The wild is not just about the big five or prey and predators there are millions of interesting insects and invertebrates. The little five members bear the names of their considerable mightier namesakes: the rhino beetle, buffalo weaver, ant lion, leopard tortoise and elephant shrew. They too have an important part to place in the ecology of the savannah. Another interesting fellow is the sociable Praying Mantis who likes to hitch a ride sometimes. It is non venomous and does not carry bacteria so quite safe. The praying mantis is named for its prominent front legs, which are bent and held together at an angle that suggests the position of prayer. They are predators with triangular heads poised on an elongated thorax. Mantis can turn their heads 180 degrees to scan their surroundings with two large compound eyes and three other simple eyes located between them. A stunning green colour it is easily camouflaged on the plants among which they live, mantis lie in ambush or patiently stalk their quarry. They use their front legs to snare their prey with reflexes so quick that they are difficult to see with the naked eye. Their legs are further equipped with spikes for snaring prey and pinning it in place. However in this case he became a fun safari companion.  

It is usually quite a big give away when you see Giraffe staring into the bushes, they are naturally curious. These silent calm mammals seem to enjoy watching the antics of the predators. A surprising fact about them is even though they are vegetarian they do like to eat bones. Their huge skeletons require more calcium and phosphorous than they can get from a strictly vegetarian diet. So they have evolved to chew the bones from carcasses to make their own bones stronger, a behaviour known as osteophagy. Maybe that is why they like to know where the big cats are so where there are predators there are bones! In this case they are curious to see what the beautiful female Leopard Kaboso is doing. The queen is ready to hunt; there is a herd of Wildebeest across the plain who are heading to the riverine forest to drink. She is patient and hides in the tree line, her green eyes fixed on the herd tracking their progress. The Wildebeest herd moves slowly as they stop to graze along the route but she remains in place, patient and watchful.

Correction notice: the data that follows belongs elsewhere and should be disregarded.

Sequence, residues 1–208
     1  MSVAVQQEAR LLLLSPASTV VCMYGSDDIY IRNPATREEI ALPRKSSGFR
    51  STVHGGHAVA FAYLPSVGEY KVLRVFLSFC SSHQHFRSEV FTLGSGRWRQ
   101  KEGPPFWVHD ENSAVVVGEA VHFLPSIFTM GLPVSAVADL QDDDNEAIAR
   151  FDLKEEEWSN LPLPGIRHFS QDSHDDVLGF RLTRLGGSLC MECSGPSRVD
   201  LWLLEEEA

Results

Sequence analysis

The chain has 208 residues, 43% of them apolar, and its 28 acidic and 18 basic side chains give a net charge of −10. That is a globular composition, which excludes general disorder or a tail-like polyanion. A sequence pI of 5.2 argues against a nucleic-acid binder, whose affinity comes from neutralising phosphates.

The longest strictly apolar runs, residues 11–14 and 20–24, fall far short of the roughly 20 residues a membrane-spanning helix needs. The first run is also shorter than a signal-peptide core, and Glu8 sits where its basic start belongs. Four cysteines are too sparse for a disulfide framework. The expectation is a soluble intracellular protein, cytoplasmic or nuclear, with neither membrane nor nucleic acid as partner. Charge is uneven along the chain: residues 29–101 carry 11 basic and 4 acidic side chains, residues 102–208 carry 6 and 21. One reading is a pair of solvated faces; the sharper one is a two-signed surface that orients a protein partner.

Then it happens, the Wildebeest reach the water and start to cross, Kaboso is still patient and waits, she does not want to alarm them otherwise they will turn tail and retreat. When almost half have crossed she leaps out of the bushes, her muscular body taut and flexed and jumps from rock to rock chasing the herd. The pads of her paws grip the slippery rocks; she ignores the spray of the water. The herd are alarmed and panic, they race through the river, their hooves kicking up water, eyes wide with fear. The scene is chaotic and wild, the bodies of the Wildebeest almost merge into one as they run, the water cascades around them blurring their movement. She decides to run next to them but misjudges her hunting tactic; she follows them into the bushes but fails to catch any. The Wildebeest are braying alerting the rest of the herd of the danger. Kaboso looks frustrated, she knows she misjudged the hunt, there were several young Wildebeest in the herd but she seemed to lose focus in the chaos and water which is not the best hunting ground for cats that do not like getting wet. She is a great hunter and so heads back to her cub to rest, she knows she will have another opportunity later.